In the operation of the magnetron 602, coolant is directed through the inlet 686 and through the channels between the magnets 616 and the circumferential gap 682, thereby directly convectively cooling the magnets 616 as well as the sputter target material 604. The hot coolant is then discharged at the opposite end and through coolant outlet 688. Passing of the coolant through the cooling system also rotates rotors 680, thereby rotating the magnet assembly 612 relative to the sputter target material 604 during the deposition process.
Persons of ordinary skill in the relevant chemical, mechanical, and other relevant art will recognize that further modifications and variations may be made to the structures, methods, and assemblies described in respect to
|Cited Patent||Filing date||Publication date||Applicant||Title|
|US4009090 *||Dec 3, 1975||Feb 22, 1977||Shatterproof Glass Corporation||Sputter-coating of glass sheets or other substrates|
|US4179351 *||Sep 9, 1976||Dec 18, 1979||Hewlett-Packard Company||Cylindrical magnetron sputtering source|
|US4221652 *||Apr 6, 1976||Sep 9, 1980||Kabushiki Kaisha Tokuda Seisakusho||Sputtering device|
|US4376025||Jun 14, 1982||Mar 8, 1983||Battelle Development Corporation||Cylindrical cathode for magnetically-enhanced sputtering|
|US4407713 *||Aug 6, 1981||Oct 4, 1983||Battelle Development Corporation||Cylindrical magnetron sputtering cathode and apparatus|
|US4444643 *||Jun 16, 1983||Apr 24, 1984||Gartek Systems, Inc.||Planar magnetron sputtering device|
|US4478703 *||Mar 29, 1984||Oct 23, 1984||Kawasaki Jukogyo Kabushiki Kaisha||Sputtering system|
|US4525264 *||Dec 7, 1981||Jun 25, 1985||Ford Motor Company||Cylindrical post magnetron sputtering system|
|US4818359||Dec 1, 1987||Apr 4, 1989||International Business Machines Corporation||Low contamination RF sputter deposition apparatus|
|US4960753||Jun 26, 1989||Oct 2, 1990||Collins George J||Magnetron deposition of ceramic oxide-superconductor thin films|
|US5015493||Jan 11, 1988||May 14, 1991||Reinar Gruen||Process and apparatus for coating conducting pieces using a pulsed glow discharge|
|US5096562 *||Nov 6, 1990||Mar 17, 1992||The Boc Group, Inc.||Rotating cylindrical magnetron structure for large area coating|
|US5272735 *||Aug 3, 1992||Dec 21, 1993||Combustion Engineering, Inc.||Sputtering process burnable poison coating|
|US6338777||Oct 23, 1998||Jan 15, 2002||International Business Machines Corporation||Method and apparatus for sputtering thin films|
|US6767436||Sep 25, 2002||Jul 27, 2004||Hrl Laboratories, Llc||Method and apparatus of plasma-enhanced coaxial magnetron for sputter-coating interior surfaces|
|GB2125441A *||Title not available|
|JPH04107268A *||Title not available|
|JPS59215484A||Title not available|
|1||English Translation of Japanese Publication No. JP 4-107268 also referred to as Japanese Patent Application No. H02-224696, Published Apr. 8, 1992, Entitled: "Processing Device of Mixed Gas," Inventor: Naoyoshi Fujiwara, Applicant: Toshiba Corporation, pp. 381-385.|
|2||Ensinger, An Apparatus for sputter coating: the Inner walls of tubes, Rev. Sci. Instrum, Jan. 1996, 318-321, 67(1), American Institute of Physics.|
|3||Hosokawa et al, Self-Sputtering phenomena in high-rate coaxial cylindrical magnetron sputtering, J. Vac. Sci. Technol., Jan./Feb. 1977, 143-146, 14(1), American Vacuum Society.|
|4||International Search Report for PCT/US2005/24110 of Jan. 31, 2006.|
|5||Malik et al. Development of an energetic Ion assistec mixing and deposition process for TiNx and diamondlike carbon films, using a co-axial geometry in plasma source Ion implantation; J. Vac. Sci. Technol., Nov./Dec. 1997, 2872-2879, A15, American Vacuum Society.|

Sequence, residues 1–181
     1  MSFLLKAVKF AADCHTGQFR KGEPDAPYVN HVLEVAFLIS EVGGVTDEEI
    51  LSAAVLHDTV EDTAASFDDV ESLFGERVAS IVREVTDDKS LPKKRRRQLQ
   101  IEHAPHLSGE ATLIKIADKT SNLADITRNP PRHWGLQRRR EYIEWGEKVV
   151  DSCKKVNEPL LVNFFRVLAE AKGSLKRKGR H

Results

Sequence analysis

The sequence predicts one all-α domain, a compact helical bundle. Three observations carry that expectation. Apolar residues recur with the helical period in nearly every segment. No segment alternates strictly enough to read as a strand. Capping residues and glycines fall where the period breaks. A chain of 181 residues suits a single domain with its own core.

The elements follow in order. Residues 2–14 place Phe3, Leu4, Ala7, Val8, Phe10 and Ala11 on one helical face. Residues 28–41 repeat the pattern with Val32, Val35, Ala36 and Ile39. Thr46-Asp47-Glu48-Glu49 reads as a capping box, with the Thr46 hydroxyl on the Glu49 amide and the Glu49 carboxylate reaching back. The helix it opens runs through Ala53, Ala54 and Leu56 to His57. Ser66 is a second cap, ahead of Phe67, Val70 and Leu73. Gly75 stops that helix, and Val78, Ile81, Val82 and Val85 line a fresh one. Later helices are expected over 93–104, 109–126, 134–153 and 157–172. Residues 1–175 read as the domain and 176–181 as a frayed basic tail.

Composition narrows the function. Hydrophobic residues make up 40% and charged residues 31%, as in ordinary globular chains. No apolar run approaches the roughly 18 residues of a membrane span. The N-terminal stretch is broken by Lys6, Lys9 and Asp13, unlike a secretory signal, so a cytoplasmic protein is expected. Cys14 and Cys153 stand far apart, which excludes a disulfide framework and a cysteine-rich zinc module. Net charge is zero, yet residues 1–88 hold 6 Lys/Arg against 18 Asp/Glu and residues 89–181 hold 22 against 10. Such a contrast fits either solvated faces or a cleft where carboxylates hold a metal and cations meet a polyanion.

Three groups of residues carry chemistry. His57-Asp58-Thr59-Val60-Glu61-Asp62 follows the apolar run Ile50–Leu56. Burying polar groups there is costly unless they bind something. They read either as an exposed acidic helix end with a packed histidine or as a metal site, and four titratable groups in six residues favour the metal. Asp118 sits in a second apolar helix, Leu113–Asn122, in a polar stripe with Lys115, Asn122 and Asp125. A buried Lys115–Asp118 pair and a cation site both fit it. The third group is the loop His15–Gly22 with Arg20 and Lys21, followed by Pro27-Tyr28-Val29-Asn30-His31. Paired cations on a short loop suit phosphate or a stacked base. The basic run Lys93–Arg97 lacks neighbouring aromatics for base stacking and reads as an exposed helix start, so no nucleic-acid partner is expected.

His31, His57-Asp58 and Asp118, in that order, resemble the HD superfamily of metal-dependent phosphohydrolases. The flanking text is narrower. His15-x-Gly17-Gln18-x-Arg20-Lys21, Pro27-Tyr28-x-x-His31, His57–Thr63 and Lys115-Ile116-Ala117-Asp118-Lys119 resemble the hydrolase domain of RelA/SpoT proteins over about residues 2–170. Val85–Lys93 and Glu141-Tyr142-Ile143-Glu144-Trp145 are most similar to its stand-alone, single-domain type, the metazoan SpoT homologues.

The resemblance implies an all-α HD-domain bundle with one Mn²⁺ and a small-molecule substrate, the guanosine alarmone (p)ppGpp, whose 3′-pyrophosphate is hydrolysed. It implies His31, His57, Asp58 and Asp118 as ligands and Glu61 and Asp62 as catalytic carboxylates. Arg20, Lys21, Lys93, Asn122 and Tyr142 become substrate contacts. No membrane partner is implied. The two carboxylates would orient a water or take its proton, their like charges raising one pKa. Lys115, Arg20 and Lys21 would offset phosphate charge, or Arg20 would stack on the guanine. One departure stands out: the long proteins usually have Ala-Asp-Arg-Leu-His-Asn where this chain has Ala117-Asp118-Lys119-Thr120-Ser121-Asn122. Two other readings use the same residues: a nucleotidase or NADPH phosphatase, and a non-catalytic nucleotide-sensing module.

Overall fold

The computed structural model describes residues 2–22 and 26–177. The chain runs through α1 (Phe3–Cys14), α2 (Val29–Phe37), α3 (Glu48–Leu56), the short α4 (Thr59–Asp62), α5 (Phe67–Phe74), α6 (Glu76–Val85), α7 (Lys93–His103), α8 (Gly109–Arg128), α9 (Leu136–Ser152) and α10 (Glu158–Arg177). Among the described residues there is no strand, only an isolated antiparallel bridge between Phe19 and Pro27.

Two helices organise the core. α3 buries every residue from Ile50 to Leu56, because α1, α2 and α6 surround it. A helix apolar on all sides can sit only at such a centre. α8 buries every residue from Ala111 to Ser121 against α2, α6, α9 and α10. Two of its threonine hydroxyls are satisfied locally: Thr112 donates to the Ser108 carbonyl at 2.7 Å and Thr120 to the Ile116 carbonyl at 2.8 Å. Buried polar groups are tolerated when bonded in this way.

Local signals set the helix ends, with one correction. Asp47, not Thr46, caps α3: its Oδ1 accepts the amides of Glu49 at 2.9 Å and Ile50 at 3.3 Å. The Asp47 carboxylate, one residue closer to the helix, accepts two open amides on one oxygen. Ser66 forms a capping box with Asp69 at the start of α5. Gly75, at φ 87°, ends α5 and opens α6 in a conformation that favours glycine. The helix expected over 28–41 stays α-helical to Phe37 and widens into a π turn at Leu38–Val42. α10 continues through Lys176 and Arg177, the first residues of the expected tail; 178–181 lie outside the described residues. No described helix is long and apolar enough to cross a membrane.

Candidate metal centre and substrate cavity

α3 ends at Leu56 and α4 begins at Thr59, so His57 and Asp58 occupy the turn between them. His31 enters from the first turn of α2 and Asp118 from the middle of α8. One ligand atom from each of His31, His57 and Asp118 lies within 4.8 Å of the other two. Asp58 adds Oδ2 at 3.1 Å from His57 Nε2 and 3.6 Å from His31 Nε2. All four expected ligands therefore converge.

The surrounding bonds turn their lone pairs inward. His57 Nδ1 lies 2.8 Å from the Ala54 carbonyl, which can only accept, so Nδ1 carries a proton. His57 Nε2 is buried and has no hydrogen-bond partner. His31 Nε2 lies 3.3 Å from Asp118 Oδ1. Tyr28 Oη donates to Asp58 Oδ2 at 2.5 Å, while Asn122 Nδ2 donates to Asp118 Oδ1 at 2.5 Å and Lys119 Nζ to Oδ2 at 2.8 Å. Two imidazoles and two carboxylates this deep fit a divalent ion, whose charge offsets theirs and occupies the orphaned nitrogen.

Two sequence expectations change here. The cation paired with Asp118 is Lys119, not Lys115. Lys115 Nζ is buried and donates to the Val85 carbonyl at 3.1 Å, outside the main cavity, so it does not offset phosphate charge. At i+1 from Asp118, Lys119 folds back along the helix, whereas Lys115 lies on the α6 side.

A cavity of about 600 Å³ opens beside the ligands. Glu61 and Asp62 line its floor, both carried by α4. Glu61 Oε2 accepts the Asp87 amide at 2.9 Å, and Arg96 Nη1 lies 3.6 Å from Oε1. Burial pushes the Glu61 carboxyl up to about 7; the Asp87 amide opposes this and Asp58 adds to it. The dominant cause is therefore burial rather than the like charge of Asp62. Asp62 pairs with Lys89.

|6||Written Opinion for PCT/US2005/24110 of Jan. 31, 2006.|
|Citing Patent||Filing date||Publication date||Applicant||Title|
|US9121540||Nov 21, 2012||Sep 1, 2015||Southwest Research Institute||Superhydrophobic compositions and coating process for the internal surface of tubular structures|
|US9272095||Mar 30, 2012||Mar 1, 2016||Sio2 Medical Products, Inc.||Vessels, contact surfaces, and coating and inspection apparatus and methods|
|US9458536||Oct 12, 2012||Oct 4, 2016||Sio2 Medical Products, Inc.||PECVD coating methods for capped syringes, cartridges and other articles|
|US9545360||May 9, 2013||Jan 17, 2017||Sio2 Medical Products, Inc.||Saccharide protective coating for pharmaceutical package|
|US9554968||Mar 11, 2014||Jan 31, 2017||Sio2 Medical Products, Inc.||Trilayer coated pharmaceutical packaging|
|US9572526||Jun 16, 2014||Feb 21, 2017||Sio2 Medical Products, Inc.||Apparatus and method for transporting a vessel to and from a PECVD processing station|
|US9657747||Jul 2, 2013||May 23, 2017||Carrier Corporation||Motor rotor and air gap cooling|
|US9662450||Feb 28, 2014||May 30, 2017||Sio2 Medical Products, Inc.||Plasma or CVD pre-treatment for lubricated pharmaceutical package, coating process and apparatus|
|US9664626||Oct 31, 2013||May 30, 2017||Sio2 Medical Products, Inc.||Coating inspection method|
|US9701869||Aug 5, 2015||Jul 11, 2017||Southwest Research Institute||Superhydrophobic compositions and coating process for the internal surface of tubular structures|
|US20120048724 *||Aug 31, 2010||Mar 1, 2012||Mcleod Paul S||Cylindrical Magnetron Sputter Source Utilizing Halbach Magnet Array|
|US20150075981 *||Jun 14, 2012||Mar 19, 2015||Shenzhen China Star Optoelectronics Technology Co. Ltd.||Rotating magnetron sputtering target and corresponding magnetron sputtering device|
|U.S. Classification||204/192.12, 204/298.09, 204/298.2, 204/298.21, 204/298.22|
|Cooperative Classification||H01J37/3452, H01J37/3405, C23C14/35, C23C14/046, C23C14/0641|
|European Classification||H01J37/34O14B, C23C14/35, C23C14/04D, C23C14/06F, H01J37/34M2|
|Mar 2, 2005||AS||Assignment|
Owner name: SOUTHWEST RESEARCH INSTITUTE, TEXAS
Free format text: ASSIGNMENT OF ASSIGNORS INTEREST;ASSIGNOR:WEI, RONGHUA;REEL/FRAME:015820/0845
Effective date: 20041209
|Sep 19, 2012||FPAY||Fee payment|
Year of fee payment: 4
|Oct 6, 2016||FPAY||Fee payment|
Year of fee payment: 8